Pin the template to the fabric

Pin the template to the fabric

Fold the top left corner down to the bottom right corner to form a triangle.  Carefully place the paper template on top of this triangle and pin in place.

Cut around the template

Cut around the template

Using a sharp pair of scissors cut round the template.  This takes a bit of effort when you are cutting across the seam allowances – there are a lot of layers of fabric at these points.  However, the result is well worth the effort!

Applique section

Applique section

Complete the multi coloured Hawaiian applique top

Unpin the template and carefully unfold the multi coloured Hawaiian applique.  Fold the blue background face in half twice so that you have fold lines and can locate the centre where the two folds cross.  Place the applique shape on top of the blue background square and smooth gently.  Make sure that the small star in the middle is placed on the centre of the blue square.

Press carefully, beginning in the middle and pressing along each palm tree.  This will hold the applique in place until you are ready to sew round all the edges to hold the palm trees in place securely.  Layer, quilt and bind as for any quilt.

I am so pleased that I managed to make a project using multi coloured Hawaiian applique and I hope that this has given you lots of ideas for similar projects of your own.

Here’s the video:

Fuerteventura

Fuerteventura

Last week I promised you some photos from my trip to Fuerteventura.  I wrote a separate article and you can see it by clicking here or on the photo.

Windblown Square Quilt Pattern

Windblown square quilt

Windblown square quilt

For the Windblown Square quilt I decided to use simple four patch quilt blocks.  I chose three blocks which all have a white diamond forming in the middle of the block.  Obviously one of them was the windblown square quilt block.  Altogether I used three different blocks plus a simple half square triangle for the corners of the quilt.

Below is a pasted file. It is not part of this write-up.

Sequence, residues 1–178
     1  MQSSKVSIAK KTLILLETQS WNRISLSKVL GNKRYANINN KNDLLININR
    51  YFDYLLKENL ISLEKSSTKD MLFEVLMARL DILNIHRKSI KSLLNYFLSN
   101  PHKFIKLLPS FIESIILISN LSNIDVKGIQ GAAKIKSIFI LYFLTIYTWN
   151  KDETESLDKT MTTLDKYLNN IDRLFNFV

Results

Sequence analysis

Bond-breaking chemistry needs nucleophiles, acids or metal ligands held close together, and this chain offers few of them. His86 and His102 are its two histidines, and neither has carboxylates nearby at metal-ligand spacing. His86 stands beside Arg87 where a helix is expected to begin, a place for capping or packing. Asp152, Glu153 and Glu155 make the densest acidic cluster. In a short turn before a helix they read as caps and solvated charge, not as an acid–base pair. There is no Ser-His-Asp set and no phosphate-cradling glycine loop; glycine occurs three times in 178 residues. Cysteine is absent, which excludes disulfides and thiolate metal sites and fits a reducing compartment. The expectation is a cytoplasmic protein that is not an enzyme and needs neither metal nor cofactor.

The quilt measures 64″ square, using sixteen blocks which are all 12″ square finished size.  The fabric required was 2.3/4 yards of white, 1.1/2 yards of red, 3/4 yard of blue and 1/2 yard of gold.  You can buy these fabrics at a discount in this week’s special offer.




Completed quilt blocks

Completed quilt blocks

Cutting requirements for the windblown square quilt

12.7/8″ squares:  two red, two white

3.7/8″ squares:  sixty eight blue, thirty two red, thirty two gold, one hundred and thirty two white

3.1/2″ squares:  thirty six white

6.1/2″ by 3.1/2″ rectangles:  eighteen white

For the border you will need to cut five 2.1/2″ strips of red across the width of fabric.

Make half square triangle units

Make half square triangle units

Make the half square triangles

Use the 3.7/8″ squares to make half square triangle units.  Place a white square right sides together with either a red, blue or gold square and mark a line along the diagonal.

Sew a 1/4″ seam either side of the line and cut along the line.  This produces two half square triangles which are now 3.1/2″ squares.  Press the seam allowances towards the coloured fabric and trim the two corners where fabric sticks out.

Flywheel quilt block layout

Flywheel quilt block layout

Make the flywheel quilt block

This is a delightful block that reminds me of a laurel wreath.  Lay the squares out in four rows of four.

Place a white rectangle at the beginning of row one and the end of row four. Add four blue/white half squares in the middle, placing them so that the white triangles form a white diamond.  Lay a white square in the top right and bottom left corners.  Add a half square triangle on each edge of the block to form a stripe with the blue triangles from the central area.  That just leaves you with two spaces for a white square at the end of row two and the beginning of row three.

Sew the patchwork pieces together across each row and then sew the rows to each other.  The block measures 12.1/2″ square at this stage and you need to make nine of them.

Windblown square quilt block layout

Windblown square quilt block layout

Make the windblown square quilt block